The Neolithic settlement of Khirokitia is situated in the valley of Saint Minas’s River, at the foothills of Toodos. The settlement stands at a distance of only six kilometers from the sea.
The settlement came to light in 1934 by archeologist Porphyros Dikaios, who was assigned the responsibility for the excavations by the Antiquity Department for ten years, explicitly from 1936 to 1946. The next excavations took place during 1972, 1976 and 1977.
A narrow and long stone construction of 185 meters runs across the settlement. It was discovered by Porphyros Dikaios and was considered as “the main road of the settlement”. In other words, the settlement “was set along a long road”. Several researchers hold that this particular construction comprises the wall of the settlement.
The settlement of Khirokitia is thought to be one of the most representatives for the Neolithic era. The houses are cyclical with an external diameter of between 2.30 and 9.20 meters and internal diameter of between 1.40 and 4.80 meters.
The houses were built with stone at their basis, while the upper part was built with adobe and mud. The roofs were created with branches and straws covered in mud. There was “a fireplace, a kind of grate and a foramen that helped the smoke come out” at the centre of the house.
Most of the Neolithic houses had an entresol, which was probably used as a store room. What is more, it seems that the houses were built in such a way so as to be protected by floods as elevated thresholds were built.
It seems that the interior of the houses were decorated with murals. However, the bad condition of these murals does not allow researchers to investigate and conclude whether “these decorative drawings were geometrical designs or depictions”.
The dead were entombed in dug pits in the house. The pit was filled with earth and covered with mud, thus restoring the floor of the house. The graves were individual and the dead were placed with their bodies recumbent usually towards the rights side. The posture of the body is timid and as some researchers note, the extent of timidity depended on the age of the dead person.
Several objects were placed in the grave according to the sex of the dead person. In the tombs of women and men, broken stone pots were usually placed. Another entombment custom was the placement of a stone, refined or unrefined, on the body. They considered that in this way, they prevented the return of the dead to the world of the living.
The inhabitants of Khirokitia used to create their own tools made of firestone, limestone, diabase and animal bones. The tools were used to search for food and alter other objects. To be more specific, tools for cereal harvesting, straw cutting, for wood processing and for scratching fresh leather were discovered. The majority of bone made tools was used for altering other objects, such as thin threads for sewing and conservation tools.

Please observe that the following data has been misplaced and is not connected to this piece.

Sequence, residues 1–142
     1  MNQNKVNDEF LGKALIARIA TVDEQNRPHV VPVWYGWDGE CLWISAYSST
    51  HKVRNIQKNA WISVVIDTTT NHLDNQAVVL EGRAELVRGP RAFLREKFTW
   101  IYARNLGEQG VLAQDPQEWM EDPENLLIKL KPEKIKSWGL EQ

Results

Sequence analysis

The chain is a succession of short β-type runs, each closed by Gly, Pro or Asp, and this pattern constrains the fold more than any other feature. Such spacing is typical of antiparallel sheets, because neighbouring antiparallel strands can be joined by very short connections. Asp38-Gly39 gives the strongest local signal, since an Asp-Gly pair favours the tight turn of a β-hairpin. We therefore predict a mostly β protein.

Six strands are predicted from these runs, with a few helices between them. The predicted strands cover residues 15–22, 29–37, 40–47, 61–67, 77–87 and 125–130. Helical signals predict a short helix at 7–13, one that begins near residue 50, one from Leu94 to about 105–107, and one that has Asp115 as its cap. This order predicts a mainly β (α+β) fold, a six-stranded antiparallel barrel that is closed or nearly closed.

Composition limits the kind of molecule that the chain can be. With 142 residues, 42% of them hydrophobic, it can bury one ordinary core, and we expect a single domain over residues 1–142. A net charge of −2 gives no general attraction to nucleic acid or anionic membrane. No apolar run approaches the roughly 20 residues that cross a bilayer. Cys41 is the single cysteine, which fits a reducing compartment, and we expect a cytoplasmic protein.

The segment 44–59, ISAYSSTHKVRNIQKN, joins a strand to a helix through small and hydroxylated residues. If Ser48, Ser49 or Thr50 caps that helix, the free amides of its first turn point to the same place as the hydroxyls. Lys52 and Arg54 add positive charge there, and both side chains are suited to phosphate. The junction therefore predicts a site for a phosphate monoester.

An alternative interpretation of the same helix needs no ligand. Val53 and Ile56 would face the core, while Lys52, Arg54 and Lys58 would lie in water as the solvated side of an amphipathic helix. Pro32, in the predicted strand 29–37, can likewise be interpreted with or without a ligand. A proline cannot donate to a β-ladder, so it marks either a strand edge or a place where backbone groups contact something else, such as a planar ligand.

Mills, hammers and some rammers were found.
Without any doubt, many pots made of corruptible materials such as wood, straws and leather were created in Khirokitia. It seems that the inhabitants of Khirokitia produced much stone pottery, such as trays, pots, bowls and spoons. This pottery is mostly decorated with “bolections” of geometrical designs. Only one is decorated with the depiction of a human figure.
Jewelry such as necklaces was created using different kinds of stones.
The human figure is the main theme of the figurines discovered at the Neolithic settlement of Khirokitia. All figurines, with only one exception of a depicted head on argil, were depicted on stone.
Pointed rings: it concerns two open rings, with a sharp edge forming a question mark or two points that are similar to two question marks facing each other.
Pebbles of balsate decorated with a complex of engraved lines on one or both sides.
The main activities for the inhabitants of Khirokitia were farming and stock raising, since the location of the settlement did not help them acquire many sea food. However, they used “advanced methods of fishing, such as nets or fishing lines with powerful hooks”. This is indicated by the fact that they fished big fishes such as mullets and many similar fishes.
Farming was mostly based on cereal, legume and lentil cultivation. The inhabitants of Khirokitia enhanced their diet with nuts they collected from wild trees, such as peanuts, figs, olives and prunes.
What is more, the inhabitants raised in places just right outside of the settlement sheep, goats and pigs.
Finally, they hunted deers but we do not know how exactly. No arrows were discovered, and that is why it is estimated that their weapons were “basic”, for instance “wooden spears with fire hardened spearheads and traps”.
Alain Le Brun, Neolithic Khirokitia, Cultural Foundation of the Bank of Cyprus, Nicosia 1996
History of Cyprus, Program Development Service, Nicosia 1999